Security threats now happen across multiple channels and at an unprecedented pace and frequency. CISOs today must create a wide-ranging, integrated security strategy that covers all vectors of attack. 

2. The Threats Are Coming From Inside

While it’s true that attacks can come from outsiders, around a third (34%) of incidents include an internal actor, per the 2019 DBIR. 

Insider Threats from a company’s own employees, contractors, or vendors are a growing risk, and can have serious financial and data loss repercussions even if the behavior isn’t intentional. No one is immune, either: from Trend Micro’s breach, to JetBlue’s ticket fraud, and beyond, every kind of business suffers from Insider-caused incidents.

This is why every CISO today needs to consider building a dedicated Insider Threat management program. 

Some Insider Threat best practices CISOs should consider implementing in 2020 include:

  • Prioritize contextual intelligence
  • Build complete Insider Threat management programs
  • Balance privacy vs. security
  • Understand root causes
  • Begin to measure key statistics

Combining people, technology, and process, security programs today must be vigilant for the threats coming from within—not just without.

3. The Costs of Breaches Add Up

Increasingly, CISOs have a direct line to the CEO and the boardroom. Why? In part, it’s because the cost of breaches can be astronomically high.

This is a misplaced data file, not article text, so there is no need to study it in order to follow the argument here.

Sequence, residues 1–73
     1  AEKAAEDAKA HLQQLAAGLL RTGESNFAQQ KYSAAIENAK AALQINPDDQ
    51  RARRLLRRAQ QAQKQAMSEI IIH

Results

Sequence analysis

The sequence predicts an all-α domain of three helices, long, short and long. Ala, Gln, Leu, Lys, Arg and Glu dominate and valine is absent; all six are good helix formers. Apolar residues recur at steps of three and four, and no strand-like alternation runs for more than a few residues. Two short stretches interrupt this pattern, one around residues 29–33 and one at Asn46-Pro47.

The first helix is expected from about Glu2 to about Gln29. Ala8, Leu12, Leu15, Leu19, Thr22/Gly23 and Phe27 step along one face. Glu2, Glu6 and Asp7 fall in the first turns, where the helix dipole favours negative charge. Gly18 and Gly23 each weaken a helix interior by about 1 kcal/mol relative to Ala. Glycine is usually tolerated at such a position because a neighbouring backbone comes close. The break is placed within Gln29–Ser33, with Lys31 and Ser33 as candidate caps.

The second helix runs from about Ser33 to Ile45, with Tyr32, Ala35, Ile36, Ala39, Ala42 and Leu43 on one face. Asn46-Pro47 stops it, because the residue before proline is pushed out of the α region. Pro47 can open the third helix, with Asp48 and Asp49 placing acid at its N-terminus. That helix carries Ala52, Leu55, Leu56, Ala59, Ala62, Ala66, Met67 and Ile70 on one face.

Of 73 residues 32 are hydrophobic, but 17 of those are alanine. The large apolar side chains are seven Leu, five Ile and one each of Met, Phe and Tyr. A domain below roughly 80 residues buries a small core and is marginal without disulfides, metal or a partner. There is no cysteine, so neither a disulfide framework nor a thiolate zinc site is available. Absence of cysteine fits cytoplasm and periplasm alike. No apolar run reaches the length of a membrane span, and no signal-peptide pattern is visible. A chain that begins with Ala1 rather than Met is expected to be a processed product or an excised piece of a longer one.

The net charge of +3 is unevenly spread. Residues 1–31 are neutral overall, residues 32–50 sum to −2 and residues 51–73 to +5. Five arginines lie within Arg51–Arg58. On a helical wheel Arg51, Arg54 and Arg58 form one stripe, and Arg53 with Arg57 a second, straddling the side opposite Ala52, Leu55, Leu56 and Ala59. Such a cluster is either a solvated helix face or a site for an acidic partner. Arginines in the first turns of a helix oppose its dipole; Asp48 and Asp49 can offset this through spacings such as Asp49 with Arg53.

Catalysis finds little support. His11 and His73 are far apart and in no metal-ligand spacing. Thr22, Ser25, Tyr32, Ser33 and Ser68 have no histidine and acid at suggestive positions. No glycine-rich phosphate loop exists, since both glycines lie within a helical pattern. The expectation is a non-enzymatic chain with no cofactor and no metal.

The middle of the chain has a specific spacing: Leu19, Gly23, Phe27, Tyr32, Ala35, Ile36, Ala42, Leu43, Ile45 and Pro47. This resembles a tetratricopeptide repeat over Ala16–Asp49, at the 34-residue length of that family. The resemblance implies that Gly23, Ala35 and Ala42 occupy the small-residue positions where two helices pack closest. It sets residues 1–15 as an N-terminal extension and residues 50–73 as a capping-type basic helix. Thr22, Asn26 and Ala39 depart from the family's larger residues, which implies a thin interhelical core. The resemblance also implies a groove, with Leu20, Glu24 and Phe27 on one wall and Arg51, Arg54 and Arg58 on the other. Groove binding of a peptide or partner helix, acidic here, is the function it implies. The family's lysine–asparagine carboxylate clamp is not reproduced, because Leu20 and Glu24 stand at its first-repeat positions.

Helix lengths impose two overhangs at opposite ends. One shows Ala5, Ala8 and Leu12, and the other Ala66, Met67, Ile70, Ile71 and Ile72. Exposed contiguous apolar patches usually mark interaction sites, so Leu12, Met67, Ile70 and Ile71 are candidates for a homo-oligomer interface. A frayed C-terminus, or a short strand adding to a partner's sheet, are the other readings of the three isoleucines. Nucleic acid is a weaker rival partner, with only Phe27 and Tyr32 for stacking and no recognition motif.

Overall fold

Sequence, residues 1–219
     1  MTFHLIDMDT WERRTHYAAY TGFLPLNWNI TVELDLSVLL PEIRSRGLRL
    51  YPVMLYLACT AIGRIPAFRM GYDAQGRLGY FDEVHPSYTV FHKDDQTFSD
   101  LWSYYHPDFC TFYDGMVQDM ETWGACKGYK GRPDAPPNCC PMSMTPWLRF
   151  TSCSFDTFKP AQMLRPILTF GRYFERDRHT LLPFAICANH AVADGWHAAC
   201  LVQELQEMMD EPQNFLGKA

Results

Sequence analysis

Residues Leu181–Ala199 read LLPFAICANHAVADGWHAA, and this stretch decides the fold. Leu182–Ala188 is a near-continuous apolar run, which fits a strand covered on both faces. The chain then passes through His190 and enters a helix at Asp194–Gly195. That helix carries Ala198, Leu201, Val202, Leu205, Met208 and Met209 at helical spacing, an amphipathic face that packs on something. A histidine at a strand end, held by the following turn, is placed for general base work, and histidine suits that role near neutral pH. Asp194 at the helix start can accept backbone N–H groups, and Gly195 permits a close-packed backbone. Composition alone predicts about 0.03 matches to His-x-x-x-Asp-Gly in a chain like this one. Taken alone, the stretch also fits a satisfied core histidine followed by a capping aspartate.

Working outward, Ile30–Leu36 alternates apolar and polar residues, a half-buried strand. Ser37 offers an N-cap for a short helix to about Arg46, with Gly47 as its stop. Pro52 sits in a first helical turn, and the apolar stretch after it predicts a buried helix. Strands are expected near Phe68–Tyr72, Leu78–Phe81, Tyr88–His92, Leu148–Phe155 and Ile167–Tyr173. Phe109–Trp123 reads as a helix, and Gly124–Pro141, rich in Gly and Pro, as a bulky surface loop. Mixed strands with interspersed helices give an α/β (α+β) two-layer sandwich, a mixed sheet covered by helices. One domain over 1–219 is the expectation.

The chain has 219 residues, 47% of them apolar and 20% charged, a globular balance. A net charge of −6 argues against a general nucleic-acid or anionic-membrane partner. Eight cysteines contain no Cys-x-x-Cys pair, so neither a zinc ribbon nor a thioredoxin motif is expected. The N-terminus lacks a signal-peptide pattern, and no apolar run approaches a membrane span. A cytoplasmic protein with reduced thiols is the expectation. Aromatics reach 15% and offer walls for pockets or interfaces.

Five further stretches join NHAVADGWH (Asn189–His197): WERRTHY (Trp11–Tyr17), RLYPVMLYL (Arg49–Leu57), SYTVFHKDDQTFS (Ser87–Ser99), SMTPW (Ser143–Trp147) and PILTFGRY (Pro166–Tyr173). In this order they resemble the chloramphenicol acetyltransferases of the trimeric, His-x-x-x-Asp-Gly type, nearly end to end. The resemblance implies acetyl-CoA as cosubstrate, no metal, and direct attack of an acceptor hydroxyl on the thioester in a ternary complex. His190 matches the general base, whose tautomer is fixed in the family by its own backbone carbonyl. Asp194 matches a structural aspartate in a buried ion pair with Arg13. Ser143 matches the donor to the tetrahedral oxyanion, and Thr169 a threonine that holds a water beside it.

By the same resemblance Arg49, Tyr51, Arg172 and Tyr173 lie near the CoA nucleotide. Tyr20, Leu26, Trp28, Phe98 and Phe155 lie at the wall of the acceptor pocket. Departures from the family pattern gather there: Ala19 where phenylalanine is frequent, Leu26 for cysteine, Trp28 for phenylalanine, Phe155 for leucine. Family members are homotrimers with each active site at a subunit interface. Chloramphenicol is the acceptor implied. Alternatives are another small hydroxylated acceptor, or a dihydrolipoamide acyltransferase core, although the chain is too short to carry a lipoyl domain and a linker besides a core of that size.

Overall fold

Ponemon Institute’s 2020 Cost of Insider Threat Report: Global (forthcoming) found Insider Threat incidents have increased by 47% since 2018, while the overall cost of incidents has risen by 31% to a whopping $11.45M.

Security strategy must also be more tightly integrated with business strategy. In a 2017 Ponemon Institute report on the role of the CISO, 58% of survey respondents felt that IT security stood apart from other elements of business. When you consider how expensive data breaches and other security incidents have become for companies, it’s clear that IT security should be aligned and integrated with other business functions 100% of the time. 

For example, a company’s legal department should have a voice in establishing policies around Insider Threats, including guidelines around user monitoring and how to comply with laws such as GDPR after breaches occur. HR teams should also be looped in, as they can provide warnings when an employee’s termination or other delicate personnel event could potentially lead to an Insider Threat.

In Summary

While the CISO role is a relatively new one, it has evolved rapidly alongside technology. As the Wall Street Journal article shows, CISOs are increasingly valued and senior members of the C-suite, and their decisions have a serious impact on the bottom line, corporate liability, and financial risk. Insider Threats are one of the most important risks that CISOs need to take seriously in 2020 and beyond.